# Interpreting 2D correspondence analysis plots (Part II)

I'd like to ensure that I understand the process correctly. This is a follow-up question to Interpreting 2D correspondence analysis plots

library(reshape)
library(ca)

colnames(df)[7] <- "value"  ## make reshape smart
df <- cast(df, SMOKER ~ GEO) ## reshape data
row.names(df) <- df\$SMOKER ## rename rows
df <- df[2:ncol(df)] ## reset df
df <- df[-4,] ## Let's only look at people who have smoked
df <- df[c("AB","BC","ON","QC")] ## and only the biggest 4 provinces (KISS)
plot(ca(df))

summary(ca(df))


Output

Principal inertias (eigenvalues):

dim    value      %   cum%   scree plot
1      0.002523  99.9  99.9  *************************
2      3e-06000   0.1 100.0
3      00000000   0.0 100.0
-------- -----
Total: 0.002526 100.0

Rows:
name   mass  qlt  inr    k=1  cor ctr    k=2 cor ctr
1 | Crrn |  265 1000  191 |  -43 1000 191 |    1   0  43 |
2 | Dlys |  201 1000  351 |  -66 1000 351 |   -1   0  70 |
3 | Frmr |  470 1000  432 |   48 1000 432 |   -1   0  98 |
4 | Occs |   65 1000   26 |   31  964  25 |    6  36 789 |

Columns:
name   mass  qlt  inr    k=1  cor ctr    k=2 cor ctr
1 |   AB |  116 1000  146 |  -56 1000 146 |   -1   0  34 |
2 |   BC |  142 1000  775 |  118 1000 776 |   -1   0  41 |
3 |   ON |  434 1000    7 |   -6  909   6 |    2  91 540 |
4 |   QC |  308 1000   72 |  -24  994  72 |   -2   6 385 |


Looking at summary(ca(df)) I see that nearly 100% of the inertia is described by the row profile for both modalities (Type of smoker and Province, respectively).

What (I think) should be immediate takeaways are:

1. You are more likely to be a daily smoker if you live in AB, QC, or ON
2. You are more likely to be a former smoker if you live in BC
3. You are least likely to be a daily smoker if you live in BC (this fits with Canadian wide understanding of BC's "active lifestyle" culture)

What could we say about occasional smokers? What would your analysis tell us through this correspondence plot and it's associated summary?

Data Source: Statistics Canada, Canadian Community Health Survey (CCHS 3.1), 2005. The CANSIM table 105-0427 was an update of CANSIM table 105-0227. More current data are in CANSIM tables 105-0501 and 105-0502.

I'm an ecologist, so I apologise in advance is this sounds a bit strange :-)

I like to think of these plots in terms of weighted averages. The region points are at the weighted averages of the smoking status classes and vice versa.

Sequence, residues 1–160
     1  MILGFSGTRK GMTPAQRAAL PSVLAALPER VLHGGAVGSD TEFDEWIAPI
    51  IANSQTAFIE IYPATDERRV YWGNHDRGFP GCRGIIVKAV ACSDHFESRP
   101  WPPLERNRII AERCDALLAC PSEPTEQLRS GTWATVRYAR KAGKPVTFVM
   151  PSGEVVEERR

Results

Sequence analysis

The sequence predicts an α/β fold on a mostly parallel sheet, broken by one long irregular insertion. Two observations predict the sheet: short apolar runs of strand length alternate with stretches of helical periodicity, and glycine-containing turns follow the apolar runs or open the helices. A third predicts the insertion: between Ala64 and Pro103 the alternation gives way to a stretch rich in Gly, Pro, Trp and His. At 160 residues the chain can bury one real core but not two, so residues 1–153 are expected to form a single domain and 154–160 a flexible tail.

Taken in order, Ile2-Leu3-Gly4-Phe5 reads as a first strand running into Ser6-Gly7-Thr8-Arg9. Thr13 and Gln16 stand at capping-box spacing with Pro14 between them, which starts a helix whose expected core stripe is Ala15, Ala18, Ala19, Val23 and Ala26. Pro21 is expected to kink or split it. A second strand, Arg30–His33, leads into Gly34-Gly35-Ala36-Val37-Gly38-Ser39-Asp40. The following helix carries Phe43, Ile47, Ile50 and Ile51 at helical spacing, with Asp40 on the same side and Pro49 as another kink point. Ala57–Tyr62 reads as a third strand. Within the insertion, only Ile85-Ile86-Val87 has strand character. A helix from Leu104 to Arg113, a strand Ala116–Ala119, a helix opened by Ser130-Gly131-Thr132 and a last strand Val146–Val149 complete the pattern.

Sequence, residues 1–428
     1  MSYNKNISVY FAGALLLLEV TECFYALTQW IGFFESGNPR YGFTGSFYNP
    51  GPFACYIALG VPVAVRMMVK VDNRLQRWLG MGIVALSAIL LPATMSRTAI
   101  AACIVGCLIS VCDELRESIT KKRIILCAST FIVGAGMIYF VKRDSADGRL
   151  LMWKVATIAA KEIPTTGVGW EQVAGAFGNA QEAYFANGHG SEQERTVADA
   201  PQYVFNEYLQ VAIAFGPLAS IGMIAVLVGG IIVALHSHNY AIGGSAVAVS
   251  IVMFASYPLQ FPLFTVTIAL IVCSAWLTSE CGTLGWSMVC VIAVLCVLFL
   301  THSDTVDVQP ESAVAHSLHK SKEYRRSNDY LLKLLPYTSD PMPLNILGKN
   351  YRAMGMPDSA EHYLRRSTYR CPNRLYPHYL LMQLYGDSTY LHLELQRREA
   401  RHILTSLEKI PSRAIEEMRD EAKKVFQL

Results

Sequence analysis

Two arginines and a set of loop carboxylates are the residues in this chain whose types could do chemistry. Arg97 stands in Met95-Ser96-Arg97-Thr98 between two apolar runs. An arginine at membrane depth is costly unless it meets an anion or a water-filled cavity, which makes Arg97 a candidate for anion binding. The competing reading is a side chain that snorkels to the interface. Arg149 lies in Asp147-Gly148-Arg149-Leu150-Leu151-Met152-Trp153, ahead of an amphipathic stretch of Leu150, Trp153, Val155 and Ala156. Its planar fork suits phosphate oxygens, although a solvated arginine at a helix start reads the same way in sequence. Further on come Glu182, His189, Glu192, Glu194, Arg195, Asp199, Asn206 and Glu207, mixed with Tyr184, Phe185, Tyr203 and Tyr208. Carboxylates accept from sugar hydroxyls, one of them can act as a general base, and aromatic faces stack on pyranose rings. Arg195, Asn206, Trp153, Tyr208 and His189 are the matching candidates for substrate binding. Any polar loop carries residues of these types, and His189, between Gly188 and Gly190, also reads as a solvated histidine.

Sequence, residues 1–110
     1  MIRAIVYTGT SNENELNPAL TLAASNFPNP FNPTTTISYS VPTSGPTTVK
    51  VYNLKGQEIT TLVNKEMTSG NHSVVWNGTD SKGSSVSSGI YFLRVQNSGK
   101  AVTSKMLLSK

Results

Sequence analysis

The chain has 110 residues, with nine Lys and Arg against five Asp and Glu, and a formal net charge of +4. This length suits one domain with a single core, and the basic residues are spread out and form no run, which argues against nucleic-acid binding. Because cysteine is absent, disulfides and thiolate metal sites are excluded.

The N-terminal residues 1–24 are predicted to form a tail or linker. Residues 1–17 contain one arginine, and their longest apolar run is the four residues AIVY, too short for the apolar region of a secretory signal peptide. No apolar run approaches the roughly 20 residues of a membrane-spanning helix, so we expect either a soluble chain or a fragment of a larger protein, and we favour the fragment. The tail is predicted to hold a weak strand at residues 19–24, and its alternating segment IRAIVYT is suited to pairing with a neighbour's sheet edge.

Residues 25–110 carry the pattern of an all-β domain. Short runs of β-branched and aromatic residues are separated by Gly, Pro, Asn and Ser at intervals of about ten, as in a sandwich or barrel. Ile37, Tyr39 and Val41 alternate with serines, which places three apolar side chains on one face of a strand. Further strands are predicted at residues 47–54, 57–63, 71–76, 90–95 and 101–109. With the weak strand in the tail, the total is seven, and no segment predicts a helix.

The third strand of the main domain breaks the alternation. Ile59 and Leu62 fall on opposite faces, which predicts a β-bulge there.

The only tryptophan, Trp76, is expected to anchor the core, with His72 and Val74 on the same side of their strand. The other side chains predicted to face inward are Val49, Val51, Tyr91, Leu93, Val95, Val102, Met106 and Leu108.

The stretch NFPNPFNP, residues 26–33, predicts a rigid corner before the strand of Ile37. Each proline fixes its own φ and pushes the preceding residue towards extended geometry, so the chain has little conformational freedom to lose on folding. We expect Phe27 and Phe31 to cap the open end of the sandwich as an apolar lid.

The problem with the above figure is the axis scaling and the fact that you can't display all the relationships (chi-square distance between regions and chi-square distance between smoking status) on the one figure. By the looks of it, the figure is using a what is known as symmetric scaling which has been shown to be a good compromise preserving as much of the information in the sets of scores as possible.

I'm not familiar with the ca package but I am with the vegan package and it's cca function:

require(vegan)
df <- data.frame(df)
ord <- cca(df)
plot(ord, scaling = 3)


The last plot is a bit easier to read than the one you show but AFAICT they are the same (or at least similarly scaled).

So I would say that occasional smokers are lower in number than expected in QC, BC and AB, and most associated with ON, but that in all regions, occasional smokers are low in number - they differ markedly from the expected number.

However, there is a single dominant "gradient" or axis of variation in these data and as the second axis represents so little variation, I would likely not interpret this component at all.

• I would probably add, that the difference between regions in terms of occaisonal smokers is largely restricted to the second axis of variation and as we can see in the stats this is such as small component as to not really be worth interpreting. The structure in the data is really the contrast between BC and the other regions in terms of daily smokers and former smokers. Commented Oct 8, 2010 at 16:25